Cybersecurity: we are sorely lacking in experts to counter crypto hacks

Despite the increase in the number of attacks in the ecosystem, there are only 1,150 specialists worldwide capable of auditing crypto projects from a cybersecurity point of view, a KPMG study shows.

While the blockchain is built on a solid security foundation, “network 3 is not immune to attackers,” according to a study published this Wednesday by KPMG. While the attacks were initially directed at centralized crypto exchange (CeFi) platforms, they now seem to be concentrated in one sector: the decentralized finance sector.

As a reminder, decentralized finance (DeFi) is an open financial system available to any user that allows some traditional financial transactions, such as loans. Decentralized platforms (also called DEXs for “decentralized exchanges”) allow peer-to-peer crypto transactions without going through a trusted third party. We can, for example, specify Bitsquare, Uniswap or PancakeSwap. Conversely, centralized platforms (or CEXs for “centralized exchanges”) process transactions through their own servers and a centralized order book. We can, for example, mention Binance, Coinbase or Coinhouse.

Between 2012 and 2022, nearly $2.66 billion was stolen from centralized cryptocurrency exchanges. For example, in January, the centralized platform was hacked, which affected 483 users. Similarly, at the end of April, the Chinese exchange Hotbit became a victim of a hack, undertaking to monitor its wallets (electronic wallets).

In addition, according to the Immunefi platform, $1.2 billion worth of cryptocurrency was stolen from decentralized finance in the first quarter of this year alone. The indicator increased by 692% compared to the first quarter of 2021. Among the biggest hacks in the history of DeFi is the “Ronin network”, where $624 million was stolen from the Ethereum Ronin sidechain from Axie Infinity or Poly Network. a hack that resulted in $611 million being stolen from the platform.

DeFi has been gaining momentum for several months now: in the first quarter, the total amount of money locked in DeFi protocols accounted for 10.6% of the entire cryptocurrency market. Therefore, a real prey for hackers. Attackers target everything: smart contracts, user wallets, blockchain infrastructure. As soon as they notice the slightest flaw in the system, they decide to attack it.

However, despite the increasingly sophisticated attacks, KPMG has found that it still lacks the expertise to deal with them. Indeed, while automated tools (such as fuzzing) have been introduced to prevent certain attacks, human analysis remains important.

“We made a simple observation: more and more crypto projects are being hacked. Cryptocurrency companies can wait months before their smart contracts can be verified by crypto-audit firms,” Karolina Gorna, cybersecurity and blockchain engineer, explains to BFM crypto. at KPMG and co-author of the study.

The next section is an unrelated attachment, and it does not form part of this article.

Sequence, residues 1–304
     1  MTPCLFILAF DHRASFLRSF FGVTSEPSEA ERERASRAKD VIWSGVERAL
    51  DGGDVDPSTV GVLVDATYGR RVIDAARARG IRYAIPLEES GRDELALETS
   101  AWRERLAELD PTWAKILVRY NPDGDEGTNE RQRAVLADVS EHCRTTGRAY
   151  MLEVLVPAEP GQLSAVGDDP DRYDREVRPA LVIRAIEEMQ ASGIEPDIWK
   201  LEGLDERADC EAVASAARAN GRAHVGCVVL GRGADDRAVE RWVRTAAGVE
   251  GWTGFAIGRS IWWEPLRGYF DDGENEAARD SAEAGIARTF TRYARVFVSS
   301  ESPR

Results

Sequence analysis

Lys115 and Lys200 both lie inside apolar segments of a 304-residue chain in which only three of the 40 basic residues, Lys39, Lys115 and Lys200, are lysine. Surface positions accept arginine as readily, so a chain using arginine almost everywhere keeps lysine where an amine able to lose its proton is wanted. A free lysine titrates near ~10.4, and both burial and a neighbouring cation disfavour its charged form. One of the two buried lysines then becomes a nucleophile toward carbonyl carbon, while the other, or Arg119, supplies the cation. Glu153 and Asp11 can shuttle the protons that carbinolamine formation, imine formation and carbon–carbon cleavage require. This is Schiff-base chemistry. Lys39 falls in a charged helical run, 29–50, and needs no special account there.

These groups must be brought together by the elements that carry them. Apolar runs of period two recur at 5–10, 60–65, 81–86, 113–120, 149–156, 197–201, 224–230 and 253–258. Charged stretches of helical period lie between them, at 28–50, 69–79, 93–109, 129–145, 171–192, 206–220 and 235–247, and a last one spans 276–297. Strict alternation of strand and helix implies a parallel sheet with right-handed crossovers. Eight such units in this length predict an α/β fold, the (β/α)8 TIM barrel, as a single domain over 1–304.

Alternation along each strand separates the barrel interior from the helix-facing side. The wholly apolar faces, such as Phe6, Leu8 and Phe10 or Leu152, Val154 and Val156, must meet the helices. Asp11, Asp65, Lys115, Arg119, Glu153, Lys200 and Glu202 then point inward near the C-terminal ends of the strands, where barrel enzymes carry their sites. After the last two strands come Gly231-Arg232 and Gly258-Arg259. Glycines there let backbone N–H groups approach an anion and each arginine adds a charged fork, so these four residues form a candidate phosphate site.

“If we do not increase the number of experts, there will be more hackers”

If the first audit firm specializing in crypto security was created in 2012, and since 2017 this trend has been gaining momentum, then today there are only 1105 experts capable of conducting audits to verify crypto projects. The majority of experts are concentrated in the US (410) and India (170), with Europe (40) lagging far behind in this area.

“If we compare the number of auditors with the number of developers who write smart contracts, there are 5 to 8 auditors per 100 developers. There is an imbalance with the need for more people,” emphasizes Karolina Gorna.

There are currently 18,000 active developers monthly working on so-called open source projects such as the Bitcoin and Ethereum blockchains. In this context, KPMG believes that “there are not enough specialists capable of auditing crypto projects. This explains the large number of hacks that have taken place at the moment. If we do not increase the number of experts, the number of hacks will increase.” “

The study looks at many of the classic attacks in the ecosystem, such as so-called “quick loan” attacks (Editor’s note: an unsecured loan that must be repaid before the transaction is completed), where “attackers use these loans to obtain funds. it is necessary to exploit a smart contract vulnerability, or even a 51% attack, which occurs when a single attacker takes control of more than half of the blockchain’s verification capabilities and can impose their own version of the blockchain. after that, the attacker will be able to cancel the recent transaction.”

Moreover, while more and more large companies (luxury goods, sports, etc.) are moving into cryptocurrencies, they are not yet mastering cybersecurity topics, according to KPMG. According to the authors of the study, information systems security managers (RSSI) play a real role in these companies.

“If we touch the crypto sector, we will have new risks, the director of information security will have to determine new scenarios for protecting companies. carries a technical risk, and we think that a person will solve all these issues, ”the expert concludes.

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